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Inspection changes for Global Strike Airmen

Note from AFGSC Commander, Gen Robin Rand: Allow me to clarify a new initiative called no-notice on-site visits (OSV) that we started in June 2017. The purpose for no-notice OSVs are to help AFGSC commanders and units achieve a higher state of excellence, improve readiness, and increase lethality.

Led by AFGSC’s Inspector General (IG) office, a team of up to 10 subject matter experts will visit AFGSC units, with or without a nuclear mission, for up to three days and focus on operations, security, maintenance, support, and professional development. The target window for these no-notice OSVs is two to nine months after a unit's last scheduled major inspection (Unit Effectiveness Inspection or Nuclear Surety Inspection).

Of note, no-notice OSVs are not inspections and they are not graded events for wing-level organizations; rather they are on-the-spot observations to provide real-time feedback on daily operations. At the conclusion of the visit, the AFGSC IG team chief will verbally out-brief the unit commander. Unit commanders will have the opportunity to discuss the observations and feedback with the AFGSC commander and numbered air force commanders.

No doubt, the no-notice OSVs will work hand-in-hand with the Air Force Inspection System to ensure our AFGSC commanders and units are organized, trained and equipped to execute combat operations. Strike!

The Air Force Global Strike Command Inspector General team wishes to increase awareness of the Air Force Inspection System, or AFIS. This inspection system focuses on mission readiness without creating extraneous work or preparation, according to Col. Omar Colbert, AFGSC IG Inspection Division Chief.

"Being mission ready means being inspection ready and not vice versa,” Colbert said. “Being ready to execute your mission on a daily basis negates the need for getting ready for an inspection. We want Airmen to focus on training and learning what they need to learn to accomplish the mission. "

In the past, inspections have been more performance and compliance based with standards and less about effectively and efficiently accomplishing the day-to-day job. Air Force Instruction 90-201, The Air Force Inspection System, changed that by making the process more efficient both in the scope of inspections and how the IG conducts them, Colbert said.

"We found that there was an unhealthy reliance in the past on periodic external inspections for assessing the mission readiness of the unit," Colbert said. "We also found that one of the primary incentives for getting in compliance was preparing for an inspection. That wasn't the way we wanted to do inspections.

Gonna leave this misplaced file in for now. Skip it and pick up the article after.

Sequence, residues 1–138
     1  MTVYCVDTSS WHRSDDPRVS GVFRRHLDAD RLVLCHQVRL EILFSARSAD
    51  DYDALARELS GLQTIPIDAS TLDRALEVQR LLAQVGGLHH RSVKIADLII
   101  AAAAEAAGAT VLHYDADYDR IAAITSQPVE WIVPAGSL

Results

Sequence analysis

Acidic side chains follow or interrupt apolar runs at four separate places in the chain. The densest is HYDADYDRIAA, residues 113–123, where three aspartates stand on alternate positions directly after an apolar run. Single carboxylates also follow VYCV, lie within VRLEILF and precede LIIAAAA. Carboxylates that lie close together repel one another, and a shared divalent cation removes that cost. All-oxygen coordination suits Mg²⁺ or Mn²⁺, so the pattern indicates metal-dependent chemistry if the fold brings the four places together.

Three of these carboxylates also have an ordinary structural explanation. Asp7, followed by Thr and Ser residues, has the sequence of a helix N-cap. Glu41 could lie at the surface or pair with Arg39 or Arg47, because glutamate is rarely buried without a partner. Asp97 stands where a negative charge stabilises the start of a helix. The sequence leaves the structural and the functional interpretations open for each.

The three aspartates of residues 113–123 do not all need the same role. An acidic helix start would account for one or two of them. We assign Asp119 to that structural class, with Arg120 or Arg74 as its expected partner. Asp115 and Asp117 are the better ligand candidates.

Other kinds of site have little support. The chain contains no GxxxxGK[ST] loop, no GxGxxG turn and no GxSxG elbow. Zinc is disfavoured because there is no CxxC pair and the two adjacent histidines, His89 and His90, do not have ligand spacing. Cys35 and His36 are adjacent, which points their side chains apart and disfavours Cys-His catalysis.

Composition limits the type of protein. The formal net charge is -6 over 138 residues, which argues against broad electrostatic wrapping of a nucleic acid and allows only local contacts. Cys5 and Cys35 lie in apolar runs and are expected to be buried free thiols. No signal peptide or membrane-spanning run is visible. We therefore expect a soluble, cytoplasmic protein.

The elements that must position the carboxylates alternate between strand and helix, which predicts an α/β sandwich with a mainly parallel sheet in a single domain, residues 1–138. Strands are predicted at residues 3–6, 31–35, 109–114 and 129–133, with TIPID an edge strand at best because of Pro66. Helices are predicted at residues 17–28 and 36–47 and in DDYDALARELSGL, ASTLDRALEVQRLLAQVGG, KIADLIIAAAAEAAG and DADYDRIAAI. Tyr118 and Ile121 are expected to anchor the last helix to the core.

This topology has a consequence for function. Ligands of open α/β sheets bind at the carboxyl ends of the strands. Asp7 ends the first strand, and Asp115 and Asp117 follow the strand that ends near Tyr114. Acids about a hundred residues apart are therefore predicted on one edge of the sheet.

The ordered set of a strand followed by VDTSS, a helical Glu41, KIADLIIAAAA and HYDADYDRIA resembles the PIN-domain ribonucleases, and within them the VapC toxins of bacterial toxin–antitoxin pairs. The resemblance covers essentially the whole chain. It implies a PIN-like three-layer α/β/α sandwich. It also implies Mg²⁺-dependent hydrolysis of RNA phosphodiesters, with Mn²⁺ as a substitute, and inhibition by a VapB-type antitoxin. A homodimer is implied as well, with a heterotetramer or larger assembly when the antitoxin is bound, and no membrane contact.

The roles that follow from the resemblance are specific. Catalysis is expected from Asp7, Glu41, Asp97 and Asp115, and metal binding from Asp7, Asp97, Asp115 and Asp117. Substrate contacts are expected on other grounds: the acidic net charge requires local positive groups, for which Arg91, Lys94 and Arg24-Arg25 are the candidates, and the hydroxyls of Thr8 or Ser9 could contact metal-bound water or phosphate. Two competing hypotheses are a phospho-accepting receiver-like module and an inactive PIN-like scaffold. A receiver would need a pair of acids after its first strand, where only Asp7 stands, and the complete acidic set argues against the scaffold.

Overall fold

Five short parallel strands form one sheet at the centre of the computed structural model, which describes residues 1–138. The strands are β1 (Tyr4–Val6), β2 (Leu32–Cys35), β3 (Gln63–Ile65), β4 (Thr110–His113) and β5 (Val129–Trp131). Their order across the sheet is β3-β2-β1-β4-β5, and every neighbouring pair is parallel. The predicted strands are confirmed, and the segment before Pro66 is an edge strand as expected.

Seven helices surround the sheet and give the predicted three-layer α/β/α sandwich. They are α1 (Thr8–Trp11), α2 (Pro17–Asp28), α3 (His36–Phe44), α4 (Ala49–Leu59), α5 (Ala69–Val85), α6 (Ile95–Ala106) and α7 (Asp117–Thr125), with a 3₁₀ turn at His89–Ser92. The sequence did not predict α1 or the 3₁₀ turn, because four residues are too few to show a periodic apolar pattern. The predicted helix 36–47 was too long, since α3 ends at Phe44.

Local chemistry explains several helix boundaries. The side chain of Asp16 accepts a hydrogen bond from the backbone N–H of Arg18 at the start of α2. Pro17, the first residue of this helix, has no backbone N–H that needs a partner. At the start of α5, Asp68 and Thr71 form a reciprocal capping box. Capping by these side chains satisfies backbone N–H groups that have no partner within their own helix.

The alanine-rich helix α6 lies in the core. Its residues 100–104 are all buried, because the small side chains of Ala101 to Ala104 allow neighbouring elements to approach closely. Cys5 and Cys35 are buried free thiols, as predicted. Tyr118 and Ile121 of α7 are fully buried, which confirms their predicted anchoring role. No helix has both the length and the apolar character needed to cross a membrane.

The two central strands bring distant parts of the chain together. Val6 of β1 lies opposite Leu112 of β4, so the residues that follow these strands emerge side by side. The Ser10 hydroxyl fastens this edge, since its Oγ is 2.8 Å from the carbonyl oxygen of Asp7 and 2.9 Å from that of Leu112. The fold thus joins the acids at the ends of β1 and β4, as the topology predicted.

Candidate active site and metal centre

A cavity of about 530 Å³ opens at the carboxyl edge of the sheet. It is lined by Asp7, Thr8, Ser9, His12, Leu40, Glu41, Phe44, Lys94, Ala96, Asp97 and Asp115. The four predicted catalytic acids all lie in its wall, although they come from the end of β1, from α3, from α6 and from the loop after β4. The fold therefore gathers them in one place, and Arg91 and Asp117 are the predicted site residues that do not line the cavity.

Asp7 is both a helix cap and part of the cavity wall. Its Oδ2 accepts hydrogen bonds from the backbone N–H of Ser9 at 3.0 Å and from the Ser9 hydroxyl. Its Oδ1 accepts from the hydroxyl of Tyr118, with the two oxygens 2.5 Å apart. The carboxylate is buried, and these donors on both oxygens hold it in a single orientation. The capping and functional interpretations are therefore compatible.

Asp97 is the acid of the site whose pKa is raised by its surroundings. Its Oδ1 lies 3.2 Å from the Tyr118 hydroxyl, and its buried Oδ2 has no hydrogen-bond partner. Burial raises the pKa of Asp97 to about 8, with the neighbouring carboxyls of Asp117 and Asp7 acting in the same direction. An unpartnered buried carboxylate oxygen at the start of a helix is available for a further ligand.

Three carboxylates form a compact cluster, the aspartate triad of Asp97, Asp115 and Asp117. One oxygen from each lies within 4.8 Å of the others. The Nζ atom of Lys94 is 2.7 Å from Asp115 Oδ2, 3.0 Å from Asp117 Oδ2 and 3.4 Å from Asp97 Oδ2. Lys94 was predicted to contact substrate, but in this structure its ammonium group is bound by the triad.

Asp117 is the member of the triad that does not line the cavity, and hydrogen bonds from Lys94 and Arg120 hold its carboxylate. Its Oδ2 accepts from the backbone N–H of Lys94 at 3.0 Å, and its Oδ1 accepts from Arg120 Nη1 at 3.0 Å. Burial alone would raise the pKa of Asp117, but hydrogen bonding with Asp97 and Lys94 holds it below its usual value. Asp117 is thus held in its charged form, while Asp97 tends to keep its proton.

"This led to the expression ‘painting the grass,'” he added. “Airmen were spending a greater portion of their time preparing for an inspection when the emphasis should be placed on being mission ready on a daily basis."

The Unit Effectiveness Inspection and Wing Commander’s Inspection Program

Air Force Global Strike Command Airmen should expect a Unit Effectiveness Inspection, or UEI, Capstone every two years, with a series of evaluations in between, said Hank Jenkins, Deputy Chief, AFGSC IG Inspections Division.

"The evaluations are continual so there isn't just one inspection, but a cycle of smaller inspections used to build a photo album of mission performance during the course of the UEI cycle," Jenkins said. "We have on-site and virtual inspections. The wings are also doing self-assessments and the AFGSC functional managers are also continuously assessing wing capabilities. Continual evaluation is everyone's responsibility."

Duplicate or overlapping inspections have also largely been removed, Jenkins said. 

Each AFGSC wing or wing-equivalent now has an IG in charge of executing the Wing Commander’s Inspection Program. These wing-level inspections are conducted by Wing Inspection Teams comprised of members from units throughout the wing. The CCIP gives the Wing Commander, subordinate commanders and the wing Airmen the ability to identify risk, identify areas of improvement, determine root cause and precisely focus limited resources, all aligned with the commander’s priorities.

The AFGSC IG team also evaluates these wing inspection programs and their inspection teams, always providing guidance and mentorship to ensure inspections are conducted fairly and remain focused on the mission. The entire process is a team effort throughout all levels of the command, Colbert said.

"We're constantly interacting and communicating with the wings to keep information flowing and ensure they're always mission ready," Colbert said. "The functional managers at AFGSC are responsible for reaching out to the units and observing how effectively they are training and whether or not they are equipped for their respective missions."   

Colbert also emphasized the IG’s role in helping wings gain traction on projects requiring support at major command and higher levels.

“We have had some success stories bringing the right level of attention to problems encountered by the wings which appeared bogged down for various reasons.”